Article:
©Weatherstone/Ron Almberg, Jr. (2010)

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Distant and Silent God

American popular theology likes to focus on the joys of a relationship with God; and this is not necessarily a bad thing.  However, it has left many Christians with an anemic theology that does not adequately grapple with pain, suffering, death and times when God seems to be distant and silent.  We like to talk about the nearness of God, but not his farness or otherness.  We like to express the beauty of his revealed Word and share times when the real presence of God broke upon us in a difficult time.

My limited experience among American Christians has been that we avoid looking into the times that God appears silent and distant toward us.  We squirm in awkward silence when someone shares such an experience.  It seems to us to walk the edge of doubt and unbelief in the goodness of God and the rewards of following him; and we are afraid of falling off that edge.  Particularly among Pentecostals and Charismatics, who relish the personal experience of God’s presence and power, admitting to such a struggle almost comes across as a complete abandonment of the faith.

I have known the distance and silence of God.  Some spiritual fathers and mothers of the faith have called it “the wilderness.”  They have likened it to the wilderness experiences of others in the Bible; most notably Elijah and Jesus.  Elijah fled to the wilderness.  Jesus was led there by the Holy Spirit.  For both, God does not appear, speak, or comfort until the end of the wilderness experience.  The “desert fathers” of the early Christian faith sought out the wilderness experience and what it could teach them.  Me?  I would rather avoid it.

Nevertheless, I have had my experiences in the spiritual wilderness where God is silent and distant.  One such instance marked me for life because of what I both experienced and learned through the ordeal.  A number of years ago, during my first pastorate at Quilcene Assembly of God, the Lord allowed me to go through a dark and terrible time where he seemed silent and distant.  Nothing I seemed to do appeared to help – no spiritual discipline, no trumped up spiritual fervor, nor any amount of crying out in prayer.  I felt abandoned.

I was warned of the coming wilderness event, however, by a good friend.  Ron Frantz and I had begun a close spiritual relationship and began speaking into each others life.  Ron had displayed great love for me and was interested in helping me grow spiritually as well as a leader of that small congregation of believers.  We both had a passion to see God glorified in the small logging community.  I not only knew that Ron prayed, but I also knew that he heard from the Lord.  One day, on his way to work for a few months in the Eastern United States, he stopped by the office to pray for me and say good-bye.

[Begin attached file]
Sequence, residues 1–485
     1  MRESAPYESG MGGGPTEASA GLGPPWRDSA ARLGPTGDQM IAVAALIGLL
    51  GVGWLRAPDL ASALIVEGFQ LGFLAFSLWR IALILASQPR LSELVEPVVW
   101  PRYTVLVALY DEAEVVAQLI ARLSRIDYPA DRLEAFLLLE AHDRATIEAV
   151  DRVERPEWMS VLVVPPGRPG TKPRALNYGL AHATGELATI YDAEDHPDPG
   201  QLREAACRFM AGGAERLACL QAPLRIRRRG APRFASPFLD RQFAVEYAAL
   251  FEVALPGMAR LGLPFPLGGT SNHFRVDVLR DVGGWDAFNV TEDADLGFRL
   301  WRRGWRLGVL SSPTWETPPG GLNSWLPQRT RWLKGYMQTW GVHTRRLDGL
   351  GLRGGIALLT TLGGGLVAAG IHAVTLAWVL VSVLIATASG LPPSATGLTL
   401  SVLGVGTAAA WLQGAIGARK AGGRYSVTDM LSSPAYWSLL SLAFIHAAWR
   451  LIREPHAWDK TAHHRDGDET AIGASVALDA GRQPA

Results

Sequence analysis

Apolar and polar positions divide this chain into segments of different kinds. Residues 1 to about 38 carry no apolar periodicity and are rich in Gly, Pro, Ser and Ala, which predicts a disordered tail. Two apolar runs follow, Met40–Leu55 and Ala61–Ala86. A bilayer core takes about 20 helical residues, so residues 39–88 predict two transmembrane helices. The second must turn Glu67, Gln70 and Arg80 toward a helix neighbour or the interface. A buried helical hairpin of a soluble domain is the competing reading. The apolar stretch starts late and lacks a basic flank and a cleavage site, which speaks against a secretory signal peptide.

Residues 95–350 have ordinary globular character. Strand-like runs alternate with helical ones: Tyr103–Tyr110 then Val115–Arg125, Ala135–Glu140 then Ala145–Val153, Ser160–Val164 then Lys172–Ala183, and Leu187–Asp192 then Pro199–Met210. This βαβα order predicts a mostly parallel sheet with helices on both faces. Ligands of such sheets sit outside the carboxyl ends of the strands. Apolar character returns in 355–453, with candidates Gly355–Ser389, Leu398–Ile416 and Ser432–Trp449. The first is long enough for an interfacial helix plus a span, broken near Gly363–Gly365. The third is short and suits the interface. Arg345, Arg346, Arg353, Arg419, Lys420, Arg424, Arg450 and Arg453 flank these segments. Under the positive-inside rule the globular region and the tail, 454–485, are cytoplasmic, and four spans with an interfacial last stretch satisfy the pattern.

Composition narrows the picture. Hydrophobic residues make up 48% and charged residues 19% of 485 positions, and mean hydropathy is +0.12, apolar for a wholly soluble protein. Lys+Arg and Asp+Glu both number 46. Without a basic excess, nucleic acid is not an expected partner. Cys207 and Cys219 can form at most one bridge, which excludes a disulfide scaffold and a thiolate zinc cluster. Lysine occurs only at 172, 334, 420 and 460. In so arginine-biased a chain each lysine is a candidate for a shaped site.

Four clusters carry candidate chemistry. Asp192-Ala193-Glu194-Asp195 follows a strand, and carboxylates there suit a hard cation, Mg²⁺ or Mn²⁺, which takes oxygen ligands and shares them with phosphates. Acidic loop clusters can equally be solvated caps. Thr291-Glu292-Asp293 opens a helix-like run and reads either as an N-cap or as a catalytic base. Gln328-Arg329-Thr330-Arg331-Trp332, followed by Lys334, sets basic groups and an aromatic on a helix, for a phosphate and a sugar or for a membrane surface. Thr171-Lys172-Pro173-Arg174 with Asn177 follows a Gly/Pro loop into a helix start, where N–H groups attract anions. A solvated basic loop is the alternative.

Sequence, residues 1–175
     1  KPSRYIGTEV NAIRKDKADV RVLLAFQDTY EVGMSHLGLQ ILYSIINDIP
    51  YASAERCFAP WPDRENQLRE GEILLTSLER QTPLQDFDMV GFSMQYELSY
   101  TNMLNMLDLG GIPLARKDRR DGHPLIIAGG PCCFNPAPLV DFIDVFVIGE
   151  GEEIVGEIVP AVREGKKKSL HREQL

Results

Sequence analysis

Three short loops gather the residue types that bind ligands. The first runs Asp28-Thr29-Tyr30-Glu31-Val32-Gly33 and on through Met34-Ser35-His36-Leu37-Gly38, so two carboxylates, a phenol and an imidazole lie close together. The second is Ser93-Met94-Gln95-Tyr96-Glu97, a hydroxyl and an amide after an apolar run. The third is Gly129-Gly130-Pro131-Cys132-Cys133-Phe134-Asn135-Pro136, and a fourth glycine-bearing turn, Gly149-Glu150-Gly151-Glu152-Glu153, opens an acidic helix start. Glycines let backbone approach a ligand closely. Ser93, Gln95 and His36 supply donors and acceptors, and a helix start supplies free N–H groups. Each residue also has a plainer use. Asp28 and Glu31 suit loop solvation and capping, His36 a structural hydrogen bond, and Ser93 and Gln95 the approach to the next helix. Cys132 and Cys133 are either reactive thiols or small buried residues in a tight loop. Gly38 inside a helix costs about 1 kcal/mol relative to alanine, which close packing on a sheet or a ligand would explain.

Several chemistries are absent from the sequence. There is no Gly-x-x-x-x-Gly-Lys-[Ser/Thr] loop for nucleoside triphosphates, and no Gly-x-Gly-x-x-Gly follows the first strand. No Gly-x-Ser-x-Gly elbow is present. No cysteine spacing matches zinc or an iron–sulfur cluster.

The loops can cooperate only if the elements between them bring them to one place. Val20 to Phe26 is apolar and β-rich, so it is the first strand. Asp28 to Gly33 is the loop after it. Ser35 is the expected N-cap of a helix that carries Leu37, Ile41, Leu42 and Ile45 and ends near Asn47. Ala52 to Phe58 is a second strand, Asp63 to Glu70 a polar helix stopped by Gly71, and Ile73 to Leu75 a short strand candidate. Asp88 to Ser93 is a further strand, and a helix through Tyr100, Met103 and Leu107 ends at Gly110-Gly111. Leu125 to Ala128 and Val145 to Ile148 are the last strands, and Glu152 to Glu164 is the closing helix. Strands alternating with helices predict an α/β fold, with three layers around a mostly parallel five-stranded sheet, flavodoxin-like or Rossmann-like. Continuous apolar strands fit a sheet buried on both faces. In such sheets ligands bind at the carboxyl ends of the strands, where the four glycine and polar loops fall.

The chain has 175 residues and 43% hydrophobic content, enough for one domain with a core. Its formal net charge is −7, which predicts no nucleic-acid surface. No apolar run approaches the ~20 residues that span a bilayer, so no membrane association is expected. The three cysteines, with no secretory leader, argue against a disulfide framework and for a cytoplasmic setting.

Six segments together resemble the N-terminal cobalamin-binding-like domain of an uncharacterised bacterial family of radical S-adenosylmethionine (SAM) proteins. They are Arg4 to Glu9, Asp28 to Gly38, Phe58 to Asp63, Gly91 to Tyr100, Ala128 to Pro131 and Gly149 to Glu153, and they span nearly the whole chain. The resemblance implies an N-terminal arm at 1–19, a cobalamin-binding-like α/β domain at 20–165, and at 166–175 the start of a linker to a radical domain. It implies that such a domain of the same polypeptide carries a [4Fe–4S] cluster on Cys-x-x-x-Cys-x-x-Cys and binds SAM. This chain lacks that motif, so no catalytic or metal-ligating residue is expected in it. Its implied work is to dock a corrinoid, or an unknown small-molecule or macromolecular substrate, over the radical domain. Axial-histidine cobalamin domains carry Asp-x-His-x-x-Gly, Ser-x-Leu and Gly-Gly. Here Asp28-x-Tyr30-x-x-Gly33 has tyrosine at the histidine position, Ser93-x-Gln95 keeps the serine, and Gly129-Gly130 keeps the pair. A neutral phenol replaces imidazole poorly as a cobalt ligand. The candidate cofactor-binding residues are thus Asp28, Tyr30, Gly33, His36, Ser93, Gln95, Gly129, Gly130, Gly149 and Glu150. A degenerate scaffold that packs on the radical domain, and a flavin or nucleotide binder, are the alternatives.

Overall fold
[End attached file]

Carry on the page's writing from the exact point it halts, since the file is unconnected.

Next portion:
Before he left, he told me that the Lord had given him a word of encouragement for me.  I was excited to hear what the Lord might possibly say to encourage me and our small congregation.  With a small grin on his face and a look of compassion that expressed a genuineness that those who know Ron will know well, he told me,

The Lord wants you to know that in the days ahead you are going to go through a very dark time.  While it may seem like the Lord is not present, the Lord wants you to know that he will be with you and not leave you.

I was stunned.  “THAT’S the ‘encouraging word’!?  I’m going to go through a dark time?

No,” Ron said.  “That the Lord is going to be there in the midst of it.”

And you’re leaving town,” I noted.  “Thanks for the warning...and encouragement.  I think.”

Well, I’ll be praying for you while I’m away.  I’m sure the Lord has something special for you through it because He loves you so much.”

That is a typical Ron Frantz’ response.  He always focuses upon the goodness and love of God in all circumstances.  It is what makes him so endearing, such a great friend, and wonderful spiritual companion on life’s road.  I am sure that even as a child, when his mother or father spanked him, he must have turned around afterward and said something like, “Thanks for that.  I know you did it because you love me so much.”

We prayed and parted our ways.  Ron headed east and I headed went back to pastoring the folks of Quilcene and raising a young family.  Soon, I would forget about what Ron shared with me as time and activity erased the memory of it.  It would take being in the middle of a spiritual wilderness to jog it loose.

It was only a few months later that I found myself entering into unfamiliar spiritual waters.  It was a time of a spiritual wilderness that brought uncertainty about my call to ministry, my worth, and my relationship with God.  I slowly slipped into a period of time where God seemed remote and distant.  Prayers did not seem to go any farther than the ceiling.

The heavens seemed closed.  Studying God’s Word for personal devotions or for sermon preparation felt lifeless.  Preaching and teaching God’s Word was drier than the Dead Sea Scrolls.  I found no joy or satisfaction in any of it.  But the worse of it was how distant I felt from God and how silent he seemed to become.  Yet, despite all of this; strangely enough, the church congregation grew and prospered.